Taxi from Narok to Mara Explorers Campground Near Maasai Mara

After you are all stocked up on food, it is time to make the final leg of the journey to the campground near the gate of the Maasai Mara. You will make the trip by shared taxi.

Head to the minibus station in Narok and ask around for a driver heading to Maasai Mara. Just tell the driver that you want to go to Mara Explorers. It is just a couple miles from the park gate. The driver will know the place. 

Try to get to the minibus station as early in the afternoon as possible. Only a handful of cars make this drive every day. They leave when they’re full. If you miss them, you’ll have to pay for a private ride. If you have a larger group, you can split the cost of a whole taxi. This would be faster and much more comfortable.

We had to wait for about an hour for our taxi to fill up. We paid $5 each. Our driver squeezed 8 people and their luggage into a compact car designed to seat 4. I was seated in the back where 2 overweight guys and my friend and I were squeezed into seats designed for 2. The ride was rough and dusty. It takes about 2 hours to get to the campground from Narok.

Camping Near the Maasai Mara

You will camp outside of the park just a few miles down the road from the main park entrance. Mara Explorers is a nice campground with decent facilities. They have flush toilets, showers, a bar and restaurant, and a common area with seating. They also have a basic kitchen where you can prepare your food.

There aren’t any designated campsites. You just choose the flattest spot you can find in a field and pitch your tent. The area is fenced to keep wild animals out. I heard elephants trumpeting in the night. 

The Safari in the Maasai Mara

At the Masai Mara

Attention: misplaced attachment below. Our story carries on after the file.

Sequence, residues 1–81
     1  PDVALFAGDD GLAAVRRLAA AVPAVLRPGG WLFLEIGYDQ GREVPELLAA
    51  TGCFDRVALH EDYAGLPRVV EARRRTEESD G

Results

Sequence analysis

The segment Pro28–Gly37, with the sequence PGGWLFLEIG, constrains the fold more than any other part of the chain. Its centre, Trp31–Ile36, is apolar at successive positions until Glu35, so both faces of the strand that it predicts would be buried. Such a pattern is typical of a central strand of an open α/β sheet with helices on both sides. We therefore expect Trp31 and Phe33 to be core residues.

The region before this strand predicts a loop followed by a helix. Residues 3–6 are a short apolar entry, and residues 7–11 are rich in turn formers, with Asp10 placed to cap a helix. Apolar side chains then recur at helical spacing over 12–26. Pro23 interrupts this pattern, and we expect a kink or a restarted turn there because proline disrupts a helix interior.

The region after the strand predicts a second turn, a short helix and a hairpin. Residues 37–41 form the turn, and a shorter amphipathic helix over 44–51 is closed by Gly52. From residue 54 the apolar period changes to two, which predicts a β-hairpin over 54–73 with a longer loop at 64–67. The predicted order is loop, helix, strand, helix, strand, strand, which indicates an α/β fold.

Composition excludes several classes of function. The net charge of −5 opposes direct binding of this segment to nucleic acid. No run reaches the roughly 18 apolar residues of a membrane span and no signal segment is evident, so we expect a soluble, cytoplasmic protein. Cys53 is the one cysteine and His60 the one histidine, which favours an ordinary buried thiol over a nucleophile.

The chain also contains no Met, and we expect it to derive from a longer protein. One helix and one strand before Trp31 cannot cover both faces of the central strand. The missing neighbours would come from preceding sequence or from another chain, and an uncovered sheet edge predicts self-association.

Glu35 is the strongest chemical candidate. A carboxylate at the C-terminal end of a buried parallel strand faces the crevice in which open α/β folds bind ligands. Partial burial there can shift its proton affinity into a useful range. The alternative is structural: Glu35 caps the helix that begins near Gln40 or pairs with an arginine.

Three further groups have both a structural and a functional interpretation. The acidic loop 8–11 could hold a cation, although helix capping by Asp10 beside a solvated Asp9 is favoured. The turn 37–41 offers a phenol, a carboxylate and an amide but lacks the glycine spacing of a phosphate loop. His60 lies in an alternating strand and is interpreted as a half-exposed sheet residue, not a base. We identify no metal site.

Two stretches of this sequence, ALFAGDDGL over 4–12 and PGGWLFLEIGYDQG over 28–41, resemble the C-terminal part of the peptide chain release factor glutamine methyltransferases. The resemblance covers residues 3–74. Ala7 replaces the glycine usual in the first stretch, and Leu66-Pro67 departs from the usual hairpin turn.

The next morning you will leave the campground at around 6 am. Your guide will pick you up at reception. When you arrive at the park entry gate, the guide will collect $80 per person to pay the park fee. Your entry ticket is only valid for one entry so if you leave the park, you will have to pay again to reenter. The process is very fast and efficient. You don’t even have to get out of the truck. The safari will last around 12 hours. 

After your safari, you could head straight back to Nairobi that night. You could arrange to have a taxi waiting to pick you up at the campground and drop you back off in Narok. From there, you could catch a bus or minibus back to Nairobi. You’ll arrive at night. 

We opted to camp for another night and head back the following morning. We arranged a taxi for the following day with reception. The driver was right on time.  

Once back in Narok, you can take the Easy Coach bus or another shared taxi back to Nairobi. We took the taxi because it was leaving sooner. It was also a couple of dollars cheaper.

A cheetah in Masai Mara
A cheetah stalking wildebeest

Final Thoughts

This safari was maybe my favorite travel experience, ever. Standing in the safari truck with my head stuck out the top and the wind in my face as we glided over the African savannah was truly unforgettable. To top it off, I saw the big 5 including a rare black rhino spotting. For $200, this was the best tour value I’ve ever had. 

Many travelers choose to go on multi-day safaris that cost thousands of dollars. If you are lucky, you can see all of the animals in one day. The only thing I didn’t get to see that I wanted to see was a kill. Overall, I think a safari is something every traveler should experience. For less than $200, it is affordable. The zoo just doesn’t compare.

To Recap: How to Safari in Kenya for Less Than $200

  • $5 from Nairobi to Narok
  • $5 from Narok to Mara Explorers campground
  • $50 for guide and truck split among 4 people
  • $80 for the park entry fee
  • $30 for 2 nights camping (if you bring your own tent)
  • $10 back to Nairobi in taxis and bus fare

Have you gone on an African Safari? Share your experience in the comments below!

For more budget tips, check out my guide: Traveling Africa on a Budget.

More Africa Guides from Where The Road Forks